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Name: Malcolm Cann Rank: Midshipman Service No: MO/401 Regiment/Service: Royal Canadian Navy HMS Good Hope Date of Birth: April 20, 1895 Place of Birth: Yarmouth, NS Date of Death: November 1, 1914 Age: 19 Killed 50 miles off the coast of Chile in an encounter between the HMS Good Hope and the German warship Scharnhorst Memorial: Halifax Memorial Panel Reference Panel 1. First Yarmouth Casualty in World War I Commemorated on Page 1 of the First World War Book of Remembrance Displayed in the Memorial Chamber of the Peace Tower in Ottawa on January 9, January 10, and January 11 Commemorated on the Yarmouth Memorial Malcolm Cann was the son of Hugh Bradford Cann and Augusta L. Cann, of Yarmouth, Nova Scotia. He was the seventh of ten children. He attended the Yarmouth County Academy. In the fall of 1910 he was one of thirty-four candidates who wrote entrance examinations for the newly created Royal Navy College of Canada. The course at the Naval College was to be two years in length with a first year cost of $400.00 and a second year cost of $250.00. This included board, lodging, uniforms and all expenses. The course was based on that of the English naval colleges. On graduation the students as commissioned midshipmen cadets were to receive pay of two dollars per day. Malcolm was one of twenty cadets that joined the school on January 11, 1911. They were sworn in and grouped into two classes of ten each under their own Captain. In the course of the second summer, 1912, the cadets were detailed for a summer cruise on HMCS Niobe, one of the two warships purchased by Canada from Great Britain. The ship visited Yarmouth in late July and following that visit on the trip to Shelburne ran aground on Cape Sable. HMCS Niobe was re-floated; however, was out of service for many months and was not in commission at the outbreak of World War I. Malcolm Cann’s class graduated in January, 1913 and many of the class spent the spring and summer on HMS Berwick around the coasts of Ireland and Scotland. In September the group steamed for Bermuda as part of the 4th Cruiser Squadron. While in Barbados their warship was ordered to the east coast of Mexico, at that time in revolution, to help protect British interests as Vera Cruz. On September 22, 1913, Malcolm’s father died and a message was sent to Malcolm aboard HMS Berwick off the coast of Mexico. In December, 1913 HMS Berwick returned to Halifax and the cadets were given one month’s leave and Malcolm spent his leave in Yarmouth, NS. with his family. On January 10, 1914 the cadets reported to Halifax to undergo a six month course. Some of this was in communications as the College had its own wireless system. Members of the 1913 graduating class were appointed as Midshipmen to HMCS Niobe at Halifax on August 2, 1914. This was Malcolm’s second tour of duty aboard HMCS Niobe, but it was short lived and on August 15, seven of the class were transferred to HMS Suffolk while that ship was at Halifax. However, arrangements were made for four midshipmen to join the complement of HMS Good Hope. Lots were drawn and Malcolm Cann (Yarmouth NS aged 19), Arthur Wiltshire Silver (Halifax, NS aged 20), William Archibald Palmer (Ottawa, ON aged 20), and John Victor William Hatheway (Granville, NS aged 19) were transferred to HMS Good Hope off New York. The Naval Squadron, including the HMS Good Hope was to cruise the South Atlantic in search of the German Battle Fleet of Admiral von Spee. The two Squadrons came together some forty miles off the coast of Coronel, Chile on Sunday, November 1, 1914. In battle formation there was initially an advantage to the British as the setting sun was behind them, blinding the German gunners but serving to light up the German ships into perfect targets. But the range was not close enough for the outdated British guns. To close the distance the British ships were turned four points toward the German ships who with superior speed and room to manoeuvre turned away and kept out of range. As the sun sank, the British squadron became outlined and now stood out as targets while the German vessels, nearer the shore were lost to sight in the distant land. The encounter lasted one hour. The Scharnhorst made repeated hits on HMS Good Hope. At 7:20 HMS Good Hope was seen to slow and stagger under shelling. The foredeck was ablaze and clouds of smoke and steam billowed upward. Hundreds of bagged charges of cordite exploded and the ship sank shortly after. HMS Monmouth was also sunk with all crew lost. A third ship, HMS Glasgow was badly damaged. Among the dead were Malcolm Cann and the three other Canadian Midshipmen transferred to HMS Good Hope. News of the battle spread slowly. On November 5, the Halifax Herald reported rumours of a battle off the coast of Chile, but the Admiralty did not confirm one had occurred. The November 6 issue acknowledge a battle had taken place, but that Good Hope had not been involved. Not until November 7 did the Herald print the headline, “WE WILL NEVER FORGET OUR FOUR BRAVE BOYS”, with pictures of Palmer, Silver, the Good Hope and Monmouth, and noting, “As HMS Good Hope was at Halifax early in the war her loss causes particular sorrow here. When this cruiser steamed up Halifax harbour on August 14 her crew lined the deck and with her ship’s band playing patriotic airs she was the object of interest to those on the waterfront. On November 7, the Yarmouth Light also published a War Extra, announcing, “GOOD HOPE LOST, AND MONMOUTH BADLY DAMAGED IN SUNDAY’S BATTLE ACCORDING TO LATEST ADMIRALTY REPORTS”. The paper printed the names and addresses of the four lost midshipmen and observed, “There will be profound sympathy for the parents of those boys, ...” The Town of Yarmouth was stunned by the news. With the death of Malcolm Cann, Yarmouth became “galvanized into wartime activity.” In the weeks following November 7, 1914 many additional young men volunteered for service. A week later, the Herald commented: ... none of these four midshipmen was over twenty years of age, and their death, though it was in service of Empire, is particularly pathetic. They are among the First of Canada’s youth to be in numbered in the present war as ones who have died for their country. These four midshipmen are indeed the first of those in the Canadian Naval Service to give their lives for the Empire. In fact, Malcolm Cann of Yarmouth, NS, along with John Victor William Hatheway of Granville NS, William Archibald Palmer of Ottawa Ontario, and Arthur Wiltshire Silver of Halifax NS were the first four Canadians lost in the First World War. Malcolm Cann is Commemorated on: The Halifax Memorial Memorial Plaque Royal Naval College of Canada Family Monument (Mountain Cemetery, Yarmouth , N.S.) (Photo Credit: Ida Lee Brewer Cann)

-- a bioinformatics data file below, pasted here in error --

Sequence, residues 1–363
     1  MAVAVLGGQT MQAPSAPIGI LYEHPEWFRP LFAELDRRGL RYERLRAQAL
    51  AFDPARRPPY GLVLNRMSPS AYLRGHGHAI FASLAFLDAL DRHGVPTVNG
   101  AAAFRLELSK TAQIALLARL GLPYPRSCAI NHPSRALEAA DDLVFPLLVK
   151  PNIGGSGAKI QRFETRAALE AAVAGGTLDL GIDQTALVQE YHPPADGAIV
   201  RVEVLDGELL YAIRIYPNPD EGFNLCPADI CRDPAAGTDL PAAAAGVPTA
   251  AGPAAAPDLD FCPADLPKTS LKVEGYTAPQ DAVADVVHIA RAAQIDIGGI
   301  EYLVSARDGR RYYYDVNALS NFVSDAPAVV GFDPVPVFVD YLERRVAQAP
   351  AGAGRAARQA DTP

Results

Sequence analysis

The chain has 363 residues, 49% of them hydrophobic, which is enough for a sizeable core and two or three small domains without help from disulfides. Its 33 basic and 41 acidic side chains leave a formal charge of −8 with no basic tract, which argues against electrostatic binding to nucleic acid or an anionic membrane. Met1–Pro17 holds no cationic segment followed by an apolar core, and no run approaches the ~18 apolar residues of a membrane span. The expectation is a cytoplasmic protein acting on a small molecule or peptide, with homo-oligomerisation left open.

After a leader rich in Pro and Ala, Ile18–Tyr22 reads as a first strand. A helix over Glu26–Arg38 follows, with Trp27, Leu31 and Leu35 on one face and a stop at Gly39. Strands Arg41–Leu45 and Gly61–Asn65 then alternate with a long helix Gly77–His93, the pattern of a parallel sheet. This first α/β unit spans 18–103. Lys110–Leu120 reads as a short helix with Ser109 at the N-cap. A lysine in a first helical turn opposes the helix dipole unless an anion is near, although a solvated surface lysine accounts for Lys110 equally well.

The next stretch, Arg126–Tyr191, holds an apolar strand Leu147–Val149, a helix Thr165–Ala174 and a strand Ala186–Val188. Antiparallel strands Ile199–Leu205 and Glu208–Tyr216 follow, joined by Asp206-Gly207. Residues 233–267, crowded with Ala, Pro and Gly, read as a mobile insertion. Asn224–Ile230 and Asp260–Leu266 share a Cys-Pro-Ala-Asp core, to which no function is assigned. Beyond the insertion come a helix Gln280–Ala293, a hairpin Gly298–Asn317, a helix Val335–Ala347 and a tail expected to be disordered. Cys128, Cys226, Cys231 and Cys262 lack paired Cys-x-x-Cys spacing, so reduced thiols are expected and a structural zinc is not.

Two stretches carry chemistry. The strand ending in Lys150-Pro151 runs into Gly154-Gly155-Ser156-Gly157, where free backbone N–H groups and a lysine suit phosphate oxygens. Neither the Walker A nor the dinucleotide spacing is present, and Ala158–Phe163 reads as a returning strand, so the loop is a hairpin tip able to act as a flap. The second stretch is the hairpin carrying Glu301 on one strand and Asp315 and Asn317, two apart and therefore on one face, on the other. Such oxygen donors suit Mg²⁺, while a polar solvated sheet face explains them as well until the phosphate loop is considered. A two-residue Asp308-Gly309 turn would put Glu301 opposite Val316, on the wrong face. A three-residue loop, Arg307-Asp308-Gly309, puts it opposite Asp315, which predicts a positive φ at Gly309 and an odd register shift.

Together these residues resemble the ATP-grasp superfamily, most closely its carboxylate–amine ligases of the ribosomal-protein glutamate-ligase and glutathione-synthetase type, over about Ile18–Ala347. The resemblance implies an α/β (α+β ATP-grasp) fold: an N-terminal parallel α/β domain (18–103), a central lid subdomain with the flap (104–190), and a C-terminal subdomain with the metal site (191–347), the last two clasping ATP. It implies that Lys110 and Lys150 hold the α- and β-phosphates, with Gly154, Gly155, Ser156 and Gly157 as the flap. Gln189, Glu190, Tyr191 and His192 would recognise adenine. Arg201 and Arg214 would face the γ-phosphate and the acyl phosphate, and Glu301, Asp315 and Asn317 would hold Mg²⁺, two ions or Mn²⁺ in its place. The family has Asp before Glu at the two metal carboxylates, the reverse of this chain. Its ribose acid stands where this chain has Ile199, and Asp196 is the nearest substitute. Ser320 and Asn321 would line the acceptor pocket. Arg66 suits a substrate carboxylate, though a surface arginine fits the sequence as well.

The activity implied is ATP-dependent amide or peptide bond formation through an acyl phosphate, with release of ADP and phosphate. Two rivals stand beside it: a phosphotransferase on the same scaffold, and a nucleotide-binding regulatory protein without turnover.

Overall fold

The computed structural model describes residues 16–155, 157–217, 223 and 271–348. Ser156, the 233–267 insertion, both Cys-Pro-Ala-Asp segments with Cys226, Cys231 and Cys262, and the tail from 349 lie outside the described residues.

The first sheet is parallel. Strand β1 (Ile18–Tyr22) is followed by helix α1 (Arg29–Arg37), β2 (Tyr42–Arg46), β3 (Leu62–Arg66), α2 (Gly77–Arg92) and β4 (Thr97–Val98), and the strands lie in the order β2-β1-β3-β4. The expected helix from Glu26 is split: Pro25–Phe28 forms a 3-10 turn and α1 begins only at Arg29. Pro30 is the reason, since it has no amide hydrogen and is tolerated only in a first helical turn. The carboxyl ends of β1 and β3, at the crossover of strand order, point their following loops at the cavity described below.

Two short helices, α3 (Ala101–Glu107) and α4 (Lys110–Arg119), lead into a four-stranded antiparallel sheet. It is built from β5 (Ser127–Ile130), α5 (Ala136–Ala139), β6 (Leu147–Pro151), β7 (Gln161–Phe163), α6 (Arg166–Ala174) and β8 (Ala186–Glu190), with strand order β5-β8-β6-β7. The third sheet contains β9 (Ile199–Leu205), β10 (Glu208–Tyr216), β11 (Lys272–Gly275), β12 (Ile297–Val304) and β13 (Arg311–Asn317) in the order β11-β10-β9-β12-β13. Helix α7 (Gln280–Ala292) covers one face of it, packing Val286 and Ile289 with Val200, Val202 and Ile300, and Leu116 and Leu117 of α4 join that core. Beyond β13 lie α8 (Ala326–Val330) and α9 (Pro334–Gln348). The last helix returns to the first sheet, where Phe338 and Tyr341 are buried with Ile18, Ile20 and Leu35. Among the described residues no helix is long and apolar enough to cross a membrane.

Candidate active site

Battle of Coronel [Sympathy of King George and Queen Mary  was telegraphed to each family]  Government, London, November 13, 1914  Mrs. H. B. Cann, Yarmouth, N.S.  The King and Queen deeply regret the loss you and the navy have sustained by the death of your son in the service of his country.  Their Majesties truly sympathize with you in your sorrow.  Private Secretary
Sources: Canadian Virtual War Memorial WWI Document Archive “A Monument Speaks” A Thurston; 1989 (pp 75-85) “First To Die - The First Canadian Navy Casualties in the First World War” Bryan Elson ((pp. 77-79)
Some Officers and Midshipmen aboard HMS GOOD HOPE. (Midshipman M. Cann is in the front row, fourth from the left) Falkland Islands, October 18, 1914.
Battle of Coronel
Battle of Coronel, November 1, 1914
Malcolm Cann
Midshipman Malcolm Cann